Rather, keep it to 3-4 sentences: a greeting, another compliment (if genuine) or recollection of a personal connection you shared, a request for feedback and a closing.
The ultimate goal with this engagement is three-fold:
- Stay visible. Engaging in this manner keeps you in the forefront of the interviewers mind long after all of the other “letter recipients” have moved on to chase other opportunities. I can assure you that most candidates simply tuck tail and run. Take this opportunity to be different!
- Appear Determined. Every hiring manager hopes to find a candidate that is driven to succeed. And the fact that you are passionate about (and still engaged even after a no) is impressive.
- Gain Feedback. While it should never be your leading sentence in the email, eventually you want to gain some feedback on why you were not chosen. Again, this request should be simple, non-threatening and complimentary. So it may be something like, “you really sold me on everything great you have going on there. Any ideas of what I could do to make myself a better candidate for you next time?”
Step Four-Move On!
The opportunity you interviewed for is gone and you’ve laid the ground work for future opportunities with the same manager, so it’s time to move on.
If you slowed up your networking efforts during this process, it’s time to start them again in earnest. This topic is a post in itself, but check out this article entitled “24 Networking Tips that Actually Work” by Passive Panda if you are looking for some fresh ideas.
Step Five-Build Your Network
Assuming you are active on LinkedIn, send a connection request to the manager that interviewed you for the position. Yes, you read that correctly! Realize that at the very least they were impressed by your resume (and likely much more than that!)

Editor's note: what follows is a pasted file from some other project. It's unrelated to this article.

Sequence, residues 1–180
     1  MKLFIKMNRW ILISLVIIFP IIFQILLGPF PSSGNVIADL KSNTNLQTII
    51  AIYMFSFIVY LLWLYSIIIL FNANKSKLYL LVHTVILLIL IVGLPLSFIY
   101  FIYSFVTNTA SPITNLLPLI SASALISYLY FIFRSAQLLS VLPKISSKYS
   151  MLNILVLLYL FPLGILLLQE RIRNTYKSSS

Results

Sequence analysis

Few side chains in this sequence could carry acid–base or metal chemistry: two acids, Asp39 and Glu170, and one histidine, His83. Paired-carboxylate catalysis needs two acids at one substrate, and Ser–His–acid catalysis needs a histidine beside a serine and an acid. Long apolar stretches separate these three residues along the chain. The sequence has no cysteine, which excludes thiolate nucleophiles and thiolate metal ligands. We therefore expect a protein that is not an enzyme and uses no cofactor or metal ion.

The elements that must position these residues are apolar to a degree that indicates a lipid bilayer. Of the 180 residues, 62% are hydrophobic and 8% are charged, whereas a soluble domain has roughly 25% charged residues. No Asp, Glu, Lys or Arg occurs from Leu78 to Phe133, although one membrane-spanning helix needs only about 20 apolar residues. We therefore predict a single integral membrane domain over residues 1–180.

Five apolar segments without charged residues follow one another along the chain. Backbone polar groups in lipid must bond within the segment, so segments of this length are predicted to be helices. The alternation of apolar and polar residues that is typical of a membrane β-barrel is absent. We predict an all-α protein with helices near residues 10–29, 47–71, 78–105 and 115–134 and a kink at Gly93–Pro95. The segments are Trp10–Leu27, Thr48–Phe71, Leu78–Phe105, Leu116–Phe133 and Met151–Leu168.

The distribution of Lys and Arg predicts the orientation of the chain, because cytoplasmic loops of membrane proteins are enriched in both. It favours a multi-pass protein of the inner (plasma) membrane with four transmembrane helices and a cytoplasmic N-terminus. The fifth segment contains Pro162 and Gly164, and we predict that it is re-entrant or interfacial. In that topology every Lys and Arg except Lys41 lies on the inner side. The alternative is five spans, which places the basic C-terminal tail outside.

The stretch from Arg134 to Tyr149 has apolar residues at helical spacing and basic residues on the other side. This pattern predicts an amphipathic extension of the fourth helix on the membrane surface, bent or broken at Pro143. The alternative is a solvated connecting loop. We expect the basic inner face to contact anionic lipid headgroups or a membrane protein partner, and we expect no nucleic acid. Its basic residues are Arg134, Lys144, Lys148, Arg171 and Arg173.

If they accept your request, you’ve gained another opportunity to stay visible. But you’ve also gained access to other people in similar roles to them…hello networking and potential job opportunities!
Step Six-Stay in Touch
While you certainly don’t want to stalk the hiring manager of the job you didn’t receive, it’s certainly acceptable (and even encouraged) to reach back out in 6-9 months. Again, the email should be only 3-4 sentences. The goal here is you guessed it…visibility!
But you also want to update them on your status. This is especially important if you have been working to build a skill they recommended. It may look something like, “Greetings and hope you have been well! I wanted to thank you. I just completed a class on xyz like you recommended and you were right. This knowledge will really allow me to succeed in this type of position. Thanks again.”
And now for the kicker…as a PS line. There’s just something about a PS line that people can’t ignore! Can you? Anyway the PS line is something like this: PS-I’d still love to join the team there. Are there any opportunities on the horizon?
While no one likes to receive a letter instead of a phone call with a job offer, the reality is it happens. The real question (and the next opportunity) lies in how you handle the situation!
For you letter recipients out there…what did I miss that has worked for you when you weren’t offered the job?